But here’s the thing: They’re about to embark on a magical quest. And as such, it won’t be as easy as flipping on a light.
It’s not just magic that’s hard in Onward. Change is, too—just like it is in our world. And sometimes, that change is only possible with a pretty big push.
Ian’s pushed a lot here. And while not all the decisions he makes are great ones, as we’ll see, they do make him a better person—and they help some other characters find the magic hidden within themselves, too. If you take this story a metaphorical step deeper—as I think the tale itself intends us to do—Onward isn’t trying to encourage its viewers to learn how to cast magic spells, but rather dig deeper into themselves and find the real “magic” within them: the courage to do hard-but-worthwhile things; the wisdom to solve problems in creative ways; the love to sacrifice for others.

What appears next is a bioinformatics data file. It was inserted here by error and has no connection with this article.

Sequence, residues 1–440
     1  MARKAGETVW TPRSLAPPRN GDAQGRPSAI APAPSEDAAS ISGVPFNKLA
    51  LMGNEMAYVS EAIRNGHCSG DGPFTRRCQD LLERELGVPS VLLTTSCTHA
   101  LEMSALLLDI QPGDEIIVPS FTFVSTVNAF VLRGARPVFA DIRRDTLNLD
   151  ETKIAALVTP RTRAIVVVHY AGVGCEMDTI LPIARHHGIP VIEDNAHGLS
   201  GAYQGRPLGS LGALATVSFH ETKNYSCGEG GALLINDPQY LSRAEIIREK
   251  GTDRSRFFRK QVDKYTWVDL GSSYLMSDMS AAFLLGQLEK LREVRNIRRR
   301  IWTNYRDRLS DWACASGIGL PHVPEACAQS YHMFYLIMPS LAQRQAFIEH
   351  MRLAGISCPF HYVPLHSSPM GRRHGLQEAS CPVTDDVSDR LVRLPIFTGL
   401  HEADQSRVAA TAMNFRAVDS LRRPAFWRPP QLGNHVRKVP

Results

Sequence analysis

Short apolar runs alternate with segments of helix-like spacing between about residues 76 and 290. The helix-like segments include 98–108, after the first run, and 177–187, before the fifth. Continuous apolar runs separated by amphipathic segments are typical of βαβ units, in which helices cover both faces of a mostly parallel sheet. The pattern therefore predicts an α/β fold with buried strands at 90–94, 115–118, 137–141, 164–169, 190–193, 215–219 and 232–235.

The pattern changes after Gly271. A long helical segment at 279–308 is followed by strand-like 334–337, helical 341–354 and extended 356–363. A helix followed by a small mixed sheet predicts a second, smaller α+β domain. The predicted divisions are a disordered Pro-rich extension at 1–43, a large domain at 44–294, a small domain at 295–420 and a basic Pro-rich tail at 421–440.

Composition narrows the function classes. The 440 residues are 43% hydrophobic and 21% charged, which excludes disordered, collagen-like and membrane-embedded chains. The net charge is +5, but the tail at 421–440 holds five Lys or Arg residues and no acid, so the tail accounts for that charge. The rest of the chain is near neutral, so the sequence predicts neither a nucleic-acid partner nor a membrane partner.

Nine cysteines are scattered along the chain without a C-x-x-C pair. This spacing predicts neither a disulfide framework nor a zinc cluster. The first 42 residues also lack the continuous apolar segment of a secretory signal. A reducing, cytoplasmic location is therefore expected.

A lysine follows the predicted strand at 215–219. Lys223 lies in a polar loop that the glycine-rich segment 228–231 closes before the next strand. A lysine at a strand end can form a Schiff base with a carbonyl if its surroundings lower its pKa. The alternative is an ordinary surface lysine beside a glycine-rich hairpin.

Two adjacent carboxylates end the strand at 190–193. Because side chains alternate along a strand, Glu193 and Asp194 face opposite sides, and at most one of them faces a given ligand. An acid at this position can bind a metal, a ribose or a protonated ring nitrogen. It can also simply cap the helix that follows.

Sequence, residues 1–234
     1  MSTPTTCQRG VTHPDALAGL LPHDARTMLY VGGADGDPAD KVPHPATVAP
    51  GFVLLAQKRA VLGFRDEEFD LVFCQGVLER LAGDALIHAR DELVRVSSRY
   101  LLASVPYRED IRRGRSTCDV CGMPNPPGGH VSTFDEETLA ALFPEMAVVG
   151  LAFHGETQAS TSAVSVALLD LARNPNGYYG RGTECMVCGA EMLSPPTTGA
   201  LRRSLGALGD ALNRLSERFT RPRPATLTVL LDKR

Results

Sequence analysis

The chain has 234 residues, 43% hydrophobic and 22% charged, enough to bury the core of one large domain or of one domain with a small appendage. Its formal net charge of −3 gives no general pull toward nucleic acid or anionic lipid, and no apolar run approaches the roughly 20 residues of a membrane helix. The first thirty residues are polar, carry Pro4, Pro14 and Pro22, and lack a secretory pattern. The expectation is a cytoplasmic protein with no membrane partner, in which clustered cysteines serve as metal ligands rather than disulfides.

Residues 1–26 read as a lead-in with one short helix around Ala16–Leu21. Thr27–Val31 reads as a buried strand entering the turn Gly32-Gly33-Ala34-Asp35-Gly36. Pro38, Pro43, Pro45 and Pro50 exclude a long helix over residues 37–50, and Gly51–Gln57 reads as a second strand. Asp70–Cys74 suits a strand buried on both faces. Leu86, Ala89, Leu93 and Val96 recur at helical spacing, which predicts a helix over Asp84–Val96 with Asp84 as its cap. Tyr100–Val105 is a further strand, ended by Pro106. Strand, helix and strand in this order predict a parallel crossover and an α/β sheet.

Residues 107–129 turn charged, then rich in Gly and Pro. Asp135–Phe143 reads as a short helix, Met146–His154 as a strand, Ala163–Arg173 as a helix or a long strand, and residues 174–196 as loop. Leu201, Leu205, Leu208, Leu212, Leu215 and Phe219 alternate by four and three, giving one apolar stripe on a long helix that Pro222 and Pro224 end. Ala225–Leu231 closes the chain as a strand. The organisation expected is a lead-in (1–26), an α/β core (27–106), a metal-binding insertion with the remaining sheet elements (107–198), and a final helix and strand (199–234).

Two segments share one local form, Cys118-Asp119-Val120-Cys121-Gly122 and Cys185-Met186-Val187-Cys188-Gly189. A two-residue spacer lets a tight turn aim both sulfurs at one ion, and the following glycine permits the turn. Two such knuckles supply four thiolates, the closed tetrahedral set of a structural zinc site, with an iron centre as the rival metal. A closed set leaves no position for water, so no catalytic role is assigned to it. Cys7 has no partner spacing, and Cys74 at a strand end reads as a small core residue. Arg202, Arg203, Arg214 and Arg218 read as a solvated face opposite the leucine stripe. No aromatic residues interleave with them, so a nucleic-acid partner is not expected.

And let’s remember that the whole quest is predicated on one deeply affirming impulse: Ian and Barley want to see their father again. Onward emphasizes how important dads are. But even more so, it stresses how important—and how valuable—families are, even when they can drive you a little crazy.
Brothers Ian and Barley don’t have much in common; and Ian’s often exasperated by his loud, magic-addled and oft-in-trouble sibling. But as the quest goes on, Ian comes to appreciate his brother more and more. Meanwhile, their mother dives into her own quest—to save and protect her boys—showcasing not just her love, but her courage and creativity as well.